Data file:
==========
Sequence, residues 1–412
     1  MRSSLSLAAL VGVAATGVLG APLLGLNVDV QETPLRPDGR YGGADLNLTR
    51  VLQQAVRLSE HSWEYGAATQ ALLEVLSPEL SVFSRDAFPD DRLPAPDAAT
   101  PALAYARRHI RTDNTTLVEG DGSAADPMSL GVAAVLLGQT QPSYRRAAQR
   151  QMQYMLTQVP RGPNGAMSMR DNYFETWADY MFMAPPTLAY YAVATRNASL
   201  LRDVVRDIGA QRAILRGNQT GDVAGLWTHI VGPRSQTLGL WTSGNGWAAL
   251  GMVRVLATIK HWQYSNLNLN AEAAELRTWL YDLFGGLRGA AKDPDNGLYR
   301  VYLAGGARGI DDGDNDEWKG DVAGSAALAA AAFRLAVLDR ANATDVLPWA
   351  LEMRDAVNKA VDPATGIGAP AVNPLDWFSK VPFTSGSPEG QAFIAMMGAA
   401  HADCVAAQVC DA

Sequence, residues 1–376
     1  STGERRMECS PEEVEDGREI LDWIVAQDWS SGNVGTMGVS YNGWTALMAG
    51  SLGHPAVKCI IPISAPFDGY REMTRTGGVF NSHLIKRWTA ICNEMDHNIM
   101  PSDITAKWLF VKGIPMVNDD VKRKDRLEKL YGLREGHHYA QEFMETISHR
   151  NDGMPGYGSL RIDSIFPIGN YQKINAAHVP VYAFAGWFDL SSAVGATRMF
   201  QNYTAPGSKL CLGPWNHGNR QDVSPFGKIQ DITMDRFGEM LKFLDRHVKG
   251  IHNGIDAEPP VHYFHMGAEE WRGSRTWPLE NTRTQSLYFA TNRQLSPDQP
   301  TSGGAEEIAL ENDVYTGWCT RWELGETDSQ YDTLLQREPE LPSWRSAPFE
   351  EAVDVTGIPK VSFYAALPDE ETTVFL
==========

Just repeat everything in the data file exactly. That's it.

Sequence, residues 1–412
     1  MRSSLSLAAL VGVAATGVLG APLLGLNVDV QETPLRPDGR YGGADLNLTR
    51  VLQQAVRLSE HSWEYGAATQ ALLEVLSPEL SVFSRDAFPD DRLPAPDAAT
   101  PALAYARRHI RTDNTTLVEG DGSAADPMSL GVAAVLLGQT QPSYRRAAQR
   151  QMQYMLTQVP RGPNGAMSMR DNYFETWADY MFMAPPTLAY YAVATRNASL
   201  LRDVVRDIGA QRAILRGNQT GDVAGLWTHI VGPRSQTLGL WTSGNGWAAL
   251  GMVRVLATIK HWQYSNLNLN AEAAELRTWL YDLFGGLRGA AKDPDNGLYR
   301  VYLAGGARGI DDGDNDEWKG DVAGSAALAA AAFRLAVLDR ANATDVLPWA
   351  LEMRDAVNKA VDPATGIGAP AVNPLDWFSK VPFTSGSPEG QAFIAMMGAA
   401  HADCVAAQVC DA

Sequence, residues 1–376
     1  STGERRMECS PEEVEDGREI LDWIVAQDWS SGNVGTMGVS YNGWTALMAG
    51  SLGHPAVKCI IPISAPFDGY REMTRTGGVF NSHLIKRWTA ICNEMDHNIM
   101  PSDITAKWLF VKGIPMVNDD VKRKDRLEKL YGLREGHHYA QEFMETISHR
   151  NDGMPGYGSL RIDSIFPIGN YQKINAAHVP VYAFAGWFDL SSAVGATRMF
   201  QNYTAPGSKL CLGPWNHGNR QDVSPFGKIQ DITMDRFGEM LKFLDRHVKG
   251  IHNGIDAEPP VHYFHMGAEE WRGSRTWPLE NTRTQSLYFA TNRQLSPDQP
   301  TSGGAEEIAL ENDVYTGWCT RWELGETDSQ YDTLLQREPE LPSWRSAPFE
   351  EAVDVTGIPK VSFYAALPDE ETTVFL